Not many TV series are as enigmatic as Dark. The German sci-fi thriller is probably one of the most complex shows on Netflix, where it's streaming exclusively now, but that hasn't stopped it gaining a significant following since its debut in 2017.
It's hard to put a finger on exactly why you'll love Dark: There are those who are fascinated by the conceptual time travel stuff, those who are drawn in by the mystery that haunts the fictitious town of Winden, and the fans who love to follow the twists and turns of the red threads binding the various characters together. It's a series where a notebook is a must; you'll need it to write down all the names, eras and details we explore as the secrets of this extraordinary world emerge. A modern-day Twin Peaks, perhaps - albeit for very different reasons.
The third and final season aired on Netflix June 27th and attempted to resolve the intertwined stories of Jonas, Martha, Claudia, Mikkel, Charlotte... well, the list is long. It had a lot of work to do. Although at first, I was doubtful that authors Baran bo Odar and Jantje Friese would be able to unravel such an intricate tangle of events while still keeping the characteristic intensity of the first two seasons, I was really surprised. By in the final episode, each piece of the puzzle fitted perfectly into place. I won't give away the plot (no spoilers here), but it's clear how meticulous and carefully-crafted the writing is.
The excellent writing really is the true working heart of this series; the attention to detail pays off. Dark is a complete show. Complex as it is, it makes sense and offers a reasoned and clear explanation in the epilogue. As soon as the third season ended, I wanted to test the skills of the authors, so I re-watched a good part of the first season again. Well, you'd hardly believe it, but so many clues about the resolution of the mystery are already there if you really pay attention. The detail is there in the objects, environments, characters and even dialogue. No detail has been forgotten, making the overall effect that much more powerful.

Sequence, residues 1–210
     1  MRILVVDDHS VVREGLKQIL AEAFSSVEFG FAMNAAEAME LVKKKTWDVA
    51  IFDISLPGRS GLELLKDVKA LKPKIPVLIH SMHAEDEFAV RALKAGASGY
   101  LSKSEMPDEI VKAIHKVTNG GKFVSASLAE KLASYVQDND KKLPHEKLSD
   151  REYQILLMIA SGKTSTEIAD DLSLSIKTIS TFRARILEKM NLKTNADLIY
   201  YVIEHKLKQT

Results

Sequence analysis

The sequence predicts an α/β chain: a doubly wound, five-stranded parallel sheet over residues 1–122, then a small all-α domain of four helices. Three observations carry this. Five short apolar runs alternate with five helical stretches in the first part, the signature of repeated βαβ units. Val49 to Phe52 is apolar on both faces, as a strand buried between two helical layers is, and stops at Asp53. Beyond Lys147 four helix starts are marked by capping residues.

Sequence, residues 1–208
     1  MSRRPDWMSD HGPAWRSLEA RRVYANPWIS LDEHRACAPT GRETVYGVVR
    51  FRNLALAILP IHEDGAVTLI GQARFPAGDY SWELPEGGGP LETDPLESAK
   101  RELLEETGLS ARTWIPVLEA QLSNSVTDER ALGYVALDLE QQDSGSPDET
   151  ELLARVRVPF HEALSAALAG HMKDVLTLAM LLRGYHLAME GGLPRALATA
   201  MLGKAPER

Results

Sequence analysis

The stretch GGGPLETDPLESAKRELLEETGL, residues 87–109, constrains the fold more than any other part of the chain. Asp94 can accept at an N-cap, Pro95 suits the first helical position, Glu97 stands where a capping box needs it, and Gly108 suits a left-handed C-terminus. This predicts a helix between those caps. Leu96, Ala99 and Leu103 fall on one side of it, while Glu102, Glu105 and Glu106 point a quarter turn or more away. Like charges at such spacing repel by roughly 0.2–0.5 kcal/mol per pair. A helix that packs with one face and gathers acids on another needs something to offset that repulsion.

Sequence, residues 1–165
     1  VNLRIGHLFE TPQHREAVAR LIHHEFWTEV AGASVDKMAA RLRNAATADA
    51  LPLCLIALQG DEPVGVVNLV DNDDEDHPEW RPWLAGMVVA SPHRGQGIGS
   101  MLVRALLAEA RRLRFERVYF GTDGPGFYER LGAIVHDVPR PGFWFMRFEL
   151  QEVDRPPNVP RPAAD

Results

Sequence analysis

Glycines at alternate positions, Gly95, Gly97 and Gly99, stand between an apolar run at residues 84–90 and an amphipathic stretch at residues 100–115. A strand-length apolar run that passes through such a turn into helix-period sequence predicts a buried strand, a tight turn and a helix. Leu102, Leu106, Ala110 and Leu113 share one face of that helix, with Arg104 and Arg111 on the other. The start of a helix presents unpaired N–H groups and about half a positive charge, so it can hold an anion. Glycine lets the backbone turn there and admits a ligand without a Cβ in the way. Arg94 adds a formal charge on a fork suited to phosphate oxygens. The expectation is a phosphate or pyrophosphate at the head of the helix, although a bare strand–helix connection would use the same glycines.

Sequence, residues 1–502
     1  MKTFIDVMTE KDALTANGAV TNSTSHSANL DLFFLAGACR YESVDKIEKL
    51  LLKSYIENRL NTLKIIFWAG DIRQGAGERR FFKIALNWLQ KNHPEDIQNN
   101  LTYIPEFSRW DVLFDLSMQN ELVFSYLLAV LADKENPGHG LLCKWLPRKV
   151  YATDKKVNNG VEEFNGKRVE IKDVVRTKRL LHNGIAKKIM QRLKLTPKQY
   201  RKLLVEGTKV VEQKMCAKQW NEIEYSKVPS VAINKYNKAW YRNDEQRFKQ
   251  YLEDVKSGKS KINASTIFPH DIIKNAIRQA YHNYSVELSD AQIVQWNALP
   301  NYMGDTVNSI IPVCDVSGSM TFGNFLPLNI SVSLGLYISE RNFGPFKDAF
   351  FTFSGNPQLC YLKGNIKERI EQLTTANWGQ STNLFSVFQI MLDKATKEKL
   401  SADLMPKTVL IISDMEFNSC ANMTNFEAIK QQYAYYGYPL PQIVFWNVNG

The visuals are flawless, too. As different spatio-temporal dimensions begin to come into play, a fascinating array of parallel worlds opens up - but you won't be able to shake the nagging feeling of deja-vu. Clever camera work - sequences resembling each other almost frame-by-frame, and other trickery such as mirror-images - leaves you experiencing an infinite loop of events, right alongside the characters. You share their anxieties, that uncomfortable feeling of "already seen" - have we been here before? Usually, the answer is yes: you have already seen it, listened to it, experienced it - or was it exactly the same?
Ἔρως καὶ θάνατος (which means "love and death" in Ancient Greek) are the two fires around which Dark dances; two opposites that spark on contact. It's on the unique relationship between these two human experiences that the labyrinthine tale of this series rests. The desire to save a loved one from death, or to love someone to the point of sacrificing your life; these universal themes support the many complex plot twists. But discussion of this show doesn't end in simple conclusions; its strength lies in leaving the viewers free to interpret, to conclude for themselves. Even when the story ends, the pieces are put back in place and the final explanation is given, you are free to draw your own conclusions, too (told you you'd need that notebook).
Let's give you an example. One of the show's themes is the tricky subject of euthanasia. I've never been described as an incurable romantic, you might say: I framed this storyline in the science, and how it can be bent to our selfish emotional needs (there's that damn love again!), and irreparably upsetting the balance of things. You might feel completely differently about it when you watch because that's what Dark does. It makes everyone take away their own view on it's deep and complex ideas.
Now that the curtain has fallen on Winden and its secrets, I'll miss it. And not because there's nothing else on. I'll miss it because watching it makes you feel that you're an active part of it; you don't simply watch Dark. You work at it, putting together the pieces, just as if you were there in Winden as it all unfolds. It'll be interesting to see what show creators Baran bo Odar and Jantje Friese do next. Having created such an absorbing and complex show, we think they'll definitely capture our interest again in the near future.